In agreement with him, I responded:
“… Great real-life entrepreneurial development case study material, …. Thanks for the insights, Sir! I wish to also add lack of what I call “Intrinsic Motivation” to the list of factors inhibiting follow-throughs to great business ideas and, indeed, opportunities arising from given circumstances.
“Intrinsic Motivation is an active killer-instinct driven desire and determination to achieve set goals, and beyond. That arising, perhaps, from chance opportunities, or those created in response to certain apparent societal, if not bigger natural conditions and/ needs. E.g. the cholera epidemic mentioned above. It works independent of external deliberate or unintended hindrances, and is often a profoundly personal journey. Seen from the outside, people in “Intrinsic Motivation” mode can appear to be selfish, reckless, one-track-minded, and defiant, amongst other negative personal attributes.
“This kind of motivation is ignited by desperate survival need circumstances too, if not a pure natural curiosity state of being. When pushed against the wall, without any possible manoeuvre or exit, fearless, “thrill-seeker”-type-people with strong wills to live will find the most ingenious ways to survive: creativity kindled to find the most unconventional solutions that could be developed into business models, subsequently.
I believe that we have to teach ourselves to be hungry enough, curious enough, and afraid enough to ignite our “Intrinsic Motivations” in order that they, pushing the continuum farther, ignite the killer-instinct guts necessary to get us to see things through, no matter the odds. It is a mind, attitude thing, really. Doable.”
The reply from Mr Fisho Mwale was gracious. He concluded by throwing me a challenge, “Thank you and I would love for you to expand more and discuss it from a National context …”
The latter got “… my Intrinsic Motivation to find, and engage with like-minded people about national development issues, plus possible solutions …” to shoot to the roof.
DEVELOPMENT: Attainment, Nurture, Sustenance.
In Social Science, the concept of Development is defined in terms of upward qualitative and quantitative transformation of society over time. Operationally, it means that from society’s observable benefits of this positive change, people will reflect higher and enduring frequencies of subjective states of contentment, hope, and belief in an ever bright future for all.
This state of affairs will be a manifestation of societies ability to provide for all the people’s basic short-term and long-term needs and wants for successful living from day-to-day, all their days: food, shelter, health, education, security, and more. Abundance is when society has a constant surplus of all the resources that are necessary to ensure that the people’s contentment levels do not dramatically spiral downwards in cases of natural calamities, wars, and, especially, population growth in time.
The objective side of Development is, therefore, operationally seen in the growth, in sheer numbers and magnitudes, of material and service values of all the tangible and intangible aspects of societal management towards lasting prosperity attainment. Herein come elements of:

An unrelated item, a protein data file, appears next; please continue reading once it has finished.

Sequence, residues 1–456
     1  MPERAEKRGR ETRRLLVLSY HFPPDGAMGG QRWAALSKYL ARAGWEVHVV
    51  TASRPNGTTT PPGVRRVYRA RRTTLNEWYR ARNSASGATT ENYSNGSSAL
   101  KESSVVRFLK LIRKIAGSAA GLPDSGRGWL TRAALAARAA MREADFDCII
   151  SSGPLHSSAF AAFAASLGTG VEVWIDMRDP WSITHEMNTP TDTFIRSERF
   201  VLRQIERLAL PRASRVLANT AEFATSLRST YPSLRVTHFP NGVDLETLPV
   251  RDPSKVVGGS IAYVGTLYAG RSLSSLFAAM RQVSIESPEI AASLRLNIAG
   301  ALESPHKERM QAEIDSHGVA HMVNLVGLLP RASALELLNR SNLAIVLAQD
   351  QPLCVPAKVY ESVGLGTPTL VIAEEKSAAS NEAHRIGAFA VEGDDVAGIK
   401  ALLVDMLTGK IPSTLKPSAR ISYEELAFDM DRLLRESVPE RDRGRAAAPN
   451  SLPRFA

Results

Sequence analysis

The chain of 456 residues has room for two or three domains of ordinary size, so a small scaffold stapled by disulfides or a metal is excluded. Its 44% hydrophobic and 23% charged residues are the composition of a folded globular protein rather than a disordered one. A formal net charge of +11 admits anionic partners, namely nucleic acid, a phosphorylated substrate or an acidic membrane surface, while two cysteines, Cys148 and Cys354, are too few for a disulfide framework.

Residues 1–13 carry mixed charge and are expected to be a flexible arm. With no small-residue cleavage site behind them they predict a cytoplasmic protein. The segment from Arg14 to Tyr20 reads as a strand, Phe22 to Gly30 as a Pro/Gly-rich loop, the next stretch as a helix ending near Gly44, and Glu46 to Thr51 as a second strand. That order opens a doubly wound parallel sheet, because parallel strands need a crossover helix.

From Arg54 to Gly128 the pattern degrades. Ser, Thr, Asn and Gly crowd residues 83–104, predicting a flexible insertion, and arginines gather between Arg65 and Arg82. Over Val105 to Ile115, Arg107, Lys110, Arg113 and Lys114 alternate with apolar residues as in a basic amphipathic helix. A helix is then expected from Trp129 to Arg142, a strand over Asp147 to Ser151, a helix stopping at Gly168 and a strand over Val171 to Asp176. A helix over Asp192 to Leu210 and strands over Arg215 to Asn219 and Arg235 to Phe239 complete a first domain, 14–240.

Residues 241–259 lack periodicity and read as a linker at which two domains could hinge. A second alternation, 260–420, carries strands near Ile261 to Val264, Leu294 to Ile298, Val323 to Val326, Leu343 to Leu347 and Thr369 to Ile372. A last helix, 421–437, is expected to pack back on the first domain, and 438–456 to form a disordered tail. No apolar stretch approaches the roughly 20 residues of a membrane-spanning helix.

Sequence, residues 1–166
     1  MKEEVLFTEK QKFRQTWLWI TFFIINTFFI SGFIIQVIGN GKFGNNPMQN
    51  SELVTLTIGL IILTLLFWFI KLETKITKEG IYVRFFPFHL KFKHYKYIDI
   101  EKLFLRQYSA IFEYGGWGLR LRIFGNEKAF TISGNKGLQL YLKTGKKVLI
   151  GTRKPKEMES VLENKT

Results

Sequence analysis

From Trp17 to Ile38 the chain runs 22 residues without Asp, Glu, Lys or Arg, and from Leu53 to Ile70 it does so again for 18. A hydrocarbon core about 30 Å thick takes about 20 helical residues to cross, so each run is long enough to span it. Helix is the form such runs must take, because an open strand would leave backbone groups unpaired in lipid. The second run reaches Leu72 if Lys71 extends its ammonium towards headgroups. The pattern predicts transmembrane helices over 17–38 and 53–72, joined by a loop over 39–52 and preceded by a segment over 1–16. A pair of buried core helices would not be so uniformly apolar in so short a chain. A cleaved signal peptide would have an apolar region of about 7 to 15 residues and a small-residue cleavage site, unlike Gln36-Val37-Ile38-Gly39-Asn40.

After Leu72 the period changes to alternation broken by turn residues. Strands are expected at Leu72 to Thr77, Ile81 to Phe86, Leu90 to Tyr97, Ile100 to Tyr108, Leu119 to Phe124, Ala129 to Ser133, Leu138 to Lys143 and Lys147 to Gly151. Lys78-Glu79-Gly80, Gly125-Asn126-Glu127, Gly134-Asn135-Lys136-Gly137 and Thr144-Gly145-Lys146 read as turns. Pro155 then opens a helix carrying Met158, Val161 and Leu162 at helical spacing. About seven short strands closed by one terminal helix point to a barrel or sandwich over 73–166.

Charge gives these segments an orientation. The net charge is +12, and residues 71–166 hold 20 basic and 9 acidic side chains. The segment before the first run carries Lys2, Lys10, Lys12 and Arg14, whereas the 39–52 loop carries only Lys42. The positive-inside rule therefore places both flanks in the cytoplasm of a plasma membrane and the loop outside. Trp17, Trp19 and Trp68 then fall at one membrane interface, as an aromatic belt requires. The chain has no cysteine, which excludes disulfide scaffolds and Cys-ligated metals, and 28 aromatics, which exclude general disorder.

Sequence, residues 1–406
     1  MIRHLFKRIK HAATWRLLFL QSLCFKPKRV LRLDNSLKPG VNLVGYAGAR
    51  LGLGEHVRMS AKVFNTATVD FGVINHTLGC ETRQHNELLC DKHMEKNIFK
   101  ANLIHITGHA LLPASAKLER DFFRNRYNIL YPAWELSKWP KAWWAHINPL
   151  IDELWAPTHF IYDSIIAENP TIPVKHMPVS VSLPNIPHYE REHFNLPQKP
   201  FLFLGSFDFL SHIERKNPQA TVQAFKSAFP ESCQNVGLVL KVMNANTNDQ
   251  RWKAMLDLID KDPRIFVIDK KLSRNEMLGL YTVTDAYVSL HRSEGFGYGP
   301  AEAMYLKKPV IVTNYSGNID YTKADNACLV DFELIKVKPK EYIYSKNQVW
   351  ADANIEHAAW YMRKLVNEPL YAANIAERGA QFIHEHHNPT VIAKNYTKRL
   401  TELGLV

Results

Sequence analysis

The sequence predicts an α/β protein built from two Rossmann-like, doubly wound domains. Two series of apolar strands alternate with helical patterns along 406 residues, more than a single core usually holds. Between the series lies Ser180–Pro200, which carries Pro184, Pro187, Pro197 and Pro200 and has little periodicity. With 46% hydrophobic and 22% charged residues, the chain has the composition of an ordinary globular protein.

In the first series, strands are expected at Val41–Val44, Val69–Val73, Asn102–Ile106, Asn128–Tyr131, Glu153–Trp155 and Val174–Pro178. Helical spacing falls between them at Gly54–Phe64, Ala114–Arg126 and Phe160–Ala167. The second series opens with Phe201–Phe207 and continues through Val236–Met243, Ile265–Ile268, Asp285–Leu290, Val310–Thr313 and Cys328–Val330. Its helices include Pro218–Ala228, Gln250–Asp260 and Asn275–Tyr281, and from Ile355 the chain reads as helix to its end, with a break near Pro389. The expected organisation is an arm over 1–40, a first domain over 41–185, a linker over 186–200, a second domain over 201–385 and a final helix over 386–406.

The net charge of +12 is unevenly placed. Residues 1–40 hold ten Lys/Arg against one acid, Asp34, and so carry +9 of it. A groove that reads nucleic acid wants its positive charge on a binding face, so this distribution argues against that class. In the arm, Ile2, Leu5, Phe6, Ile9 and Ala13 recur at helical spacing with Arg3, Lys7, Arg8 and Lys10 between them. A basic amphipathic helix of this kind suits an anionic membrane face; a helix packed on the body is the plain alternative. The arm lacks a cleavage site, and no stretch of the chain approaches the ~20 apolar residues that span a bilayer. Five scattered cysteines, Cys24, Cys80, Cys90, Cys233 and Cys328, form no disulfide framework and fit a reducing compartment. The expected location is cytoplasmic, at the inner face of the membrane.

- Infrastructure – water reservoirs, food production facilities (agricultural land, food processing plants, etc), housing, roads, hospitals, schools, power stations and grids, telecommunications, and others.
- Services – the entire spectrum of social amenities and necessary operational personnel across the board (health workers, engineers and other scientists, entrepreneurs, R&D, and many more), national security (police, military), including culture, i.e. the whole possibilities field of the creative arts.
- Longevity – In sustained development states, short of mortal accidents of all kinds, under variable circumstances, people tend to live into ripe old ages. Absence of private and societal want, as well as a general sense and state of well-being in society tend to have a life prolonging effect on the people: resilience against various life-threatening illnesses, and ever improving medical treatments of the same.
Because Development is about growth, and is forward-looking, it can be encapsulated in the concept of progress. This means that stages of development can be measured, and isolated in terms of space and time. Viewed in this regard, it ought to be understandable that Development entails a rise in complications of societal management and administration.
In the context of this presentation, management is about the allocation of resources in appropriate quantities to relevant material and service needs in developmental work. Administration, then, sees to it that resources are applied for their originally intended purposes, and according to stipulated rules with regard to predetermined decisive conditions.
Therefore, from the point of definitions above, for Development to succeed, it is imperative that it is spearheaded by people of at least as intellectually and culturally progressive as Development itself is inherently, and necessarily entails on its reality.
“INTRINSIC MOTIVATION” FOR DEVELOPMENT: The Collective? A Leader?
On the one hand, human beings are inherently self-centered as individuals. On the other, because human beings are, actually, also very smart, they realized a long time ago that to survive in an inherently hostile nature, they had to learn to live in collectives. We, as humans against other earthly creatures, owe our position at the top of the food chain to our ability to work together in our necessary efforts to tame aspects of nature for our, yes, Development (-al) needs … (Continued in the book: “MACHONA BLOGS – As I See It”. Order Simon Chilembo books on Amazon)
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February 09, 2018
REMEMBERING A SENIOR WARRIOR: